Certain over the counter products and prescription medicines can cause complications before and after surgery. They can reduce the ability of your blood to clot and could increase your tendency to bleed during and after surgery. Do not take any medication containing or related to aspirin 2 weeks prior to your procedure. This includes NSAID’S, anti-Inflammatory medications, blood thinning medications. Please see your doctor regarding if and when to cease medications. *This is not an all inclusive list*.
Also avoid Vitamin E supplements and red wine. Stop all herbal medications before surgery. The most common herbs used are Echinacea, Ephedra, Garlic, Ginseng, Ginkogo, Kava, St. John’s Wort, and Valerian. They may adversely effect anaesthetic drugs, prolong bleeding and impair healing after surgery. Please consult your physician before ceasing any medication.
If you are taking Roaccutane please inform Dr Layt as this slows down healing.
SMOKING: Smoking increases the risks of complications significantly and should be ceased 6-8 weeks prior to surgery.
ADMINISTRATION: Unfortunately, paperwork is a necessary evil. Each theatre complex has its own procedures. We have attempted to make it all easy by providing a simple series of steps to follow titled “THINGS TO DO FOR YOUR PROCEDURE” specific to the surgery centre you are attending. Please follow these instructions. If you have any queries about this or anything else don’t hesitate to contact us on (07) 5597 4100.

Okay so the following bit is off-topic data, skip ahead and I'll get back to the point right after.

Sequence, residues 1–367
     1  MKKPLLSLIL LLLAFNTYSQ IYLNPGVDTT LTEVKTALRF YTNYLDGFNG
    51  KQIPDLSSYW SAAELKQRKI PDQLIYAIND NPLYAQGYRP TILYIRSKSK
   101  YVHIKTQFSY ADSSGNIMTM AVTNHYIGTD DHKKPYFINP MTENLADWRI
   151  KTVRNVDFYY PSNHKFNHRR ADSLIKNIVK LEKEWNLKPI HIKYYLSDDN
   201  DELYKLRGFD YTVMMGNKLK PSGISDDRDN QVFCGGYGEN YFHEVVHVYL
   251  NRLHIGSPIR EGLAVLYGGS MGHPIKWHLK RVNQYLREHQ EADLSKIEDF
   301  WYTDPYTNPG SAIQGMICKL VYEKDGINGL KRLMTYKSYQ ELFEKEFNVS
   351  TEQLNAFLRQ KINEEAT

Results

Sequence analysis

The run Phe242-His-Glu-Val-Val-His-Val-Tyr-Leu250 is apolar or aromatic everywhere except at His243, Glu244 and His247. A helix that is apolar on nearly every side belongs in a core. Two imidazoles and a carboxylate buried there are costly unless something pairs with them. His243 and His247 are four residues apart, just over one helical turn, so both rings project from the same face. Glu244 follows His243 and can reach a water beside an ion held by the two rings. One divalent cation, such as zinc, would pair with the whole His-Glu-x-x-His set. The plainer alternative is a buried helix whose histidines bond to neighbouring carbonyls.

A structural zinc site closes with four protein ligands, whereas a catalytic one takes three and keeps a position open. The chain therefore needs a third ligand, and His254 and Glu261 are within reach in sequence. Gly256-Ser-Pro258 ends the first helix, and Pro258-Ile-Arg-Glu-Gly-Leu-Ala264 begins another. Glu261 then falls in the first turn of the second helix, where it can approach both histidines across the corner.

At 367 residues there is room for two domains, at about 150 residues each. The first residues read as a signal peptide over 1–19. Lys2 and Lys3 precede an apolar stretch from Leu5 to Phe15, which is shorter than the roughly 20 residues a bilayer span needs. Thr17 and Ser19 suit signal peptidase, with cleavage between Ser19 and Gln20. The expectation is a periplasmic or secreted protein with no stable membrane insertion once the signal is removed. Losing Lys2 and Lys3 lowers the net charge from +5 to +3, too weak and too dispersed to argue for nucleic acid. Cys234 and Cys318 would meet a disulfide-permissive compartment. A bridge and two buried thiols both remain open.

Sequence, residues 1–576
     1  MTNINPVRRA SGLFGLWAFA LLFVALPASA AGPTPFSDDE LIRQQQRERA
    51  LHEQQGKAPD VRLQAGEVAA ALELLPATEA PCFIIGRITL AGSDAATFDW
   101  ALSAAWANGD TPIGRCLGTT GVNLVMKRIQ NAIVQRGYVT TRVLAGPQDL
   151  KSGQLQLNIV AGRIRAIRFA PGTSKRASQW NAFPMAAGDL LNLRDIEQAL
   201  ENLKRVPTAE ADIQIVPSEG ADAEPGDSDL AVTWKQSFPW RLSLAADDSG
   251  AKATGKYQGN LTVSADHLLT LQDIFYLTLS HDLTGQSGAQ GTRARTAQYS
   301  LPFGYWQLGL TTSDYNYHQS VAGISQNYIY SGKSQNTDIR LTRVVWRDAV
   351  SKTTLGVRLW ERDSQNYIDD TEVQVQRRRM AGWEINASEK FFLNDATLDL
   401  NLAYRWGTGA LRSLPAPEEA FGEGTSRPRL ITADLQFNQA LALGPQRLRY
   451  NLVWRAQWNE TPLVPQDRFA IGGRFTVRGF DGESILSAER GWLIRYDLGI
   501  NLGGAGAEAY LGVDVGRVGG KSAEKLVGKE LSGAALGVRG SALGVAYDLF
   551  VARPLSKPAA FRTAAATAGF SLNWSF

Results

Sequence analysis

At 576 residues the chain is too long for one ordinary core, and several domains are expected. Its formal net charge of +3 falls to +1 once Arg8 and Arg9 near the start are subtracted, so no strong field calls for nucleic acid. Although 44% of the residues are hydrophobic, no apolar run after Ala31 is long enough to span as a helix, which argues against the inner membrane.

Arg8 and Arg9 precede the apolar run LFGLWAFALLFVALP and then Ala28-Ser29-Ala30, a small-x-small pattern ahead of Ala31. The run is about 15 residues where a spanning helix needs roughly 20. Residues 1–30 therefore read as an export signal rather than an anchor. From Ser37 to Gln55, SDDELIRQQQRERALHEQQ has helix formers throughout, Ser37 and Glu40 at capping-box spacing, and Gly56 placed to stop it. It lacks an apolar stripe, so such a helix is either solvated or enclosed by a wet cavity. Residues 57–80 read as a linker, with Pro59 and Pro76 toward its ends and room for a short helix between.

Specific Post-operative Instructions
POSITION: Sleep on your back with your head elevated on a few pillows for the first few days if the face is swollen.
DRESSINGS: The treated areas are covered with Vaseline. It is normal for the resurfaced area to ooze after the resurfacing. Excessive ooze can be absorbed by using clean gauze swabs. You will need to clean the area with cooled boiled water frequently (3 hourly) and apply Vaseline until healed (You do not need to wake from sleep to do this). Do not pick at scabs as this may lead to permanent scarring.
MEDICATION: Take your pain relief and antibiotic medication as directed. Any medication you ceased prior to surgery must not be taken after your surgery until you are completely healed or as directed by your physician.
SUNLIGHT: You must be extremely careful with sun exposure during the post laser treatment period. Your skin will be very sensitive. Once you have healed you must wear a 30+ sunscreen at all times. You will need to use one suitable for sensitive skin – advice regarding this is available from our clinic.
DRINKING AND EATING: If the skin around your mouth is swollen or tight, drink from a cup or a spoon. DO NOT USE STRAWS as this action will cause creases around your mouth.
ACTIVITIES: Avoid strenuous exercise for two weeks to avoid irritating the skin.
TED STOCKINGS: You may be required to wear TED stockings for compression to prevent DVT (blood clotting) post-operatively. If required these will be fitted at the hospital on your admission day. The nursing staff will advise you on how long you need to wear these for.
Any surgical or invasive procedure carries risks. Before proceeding, you should seek a second opinion from an appropriately qualified health practitioner.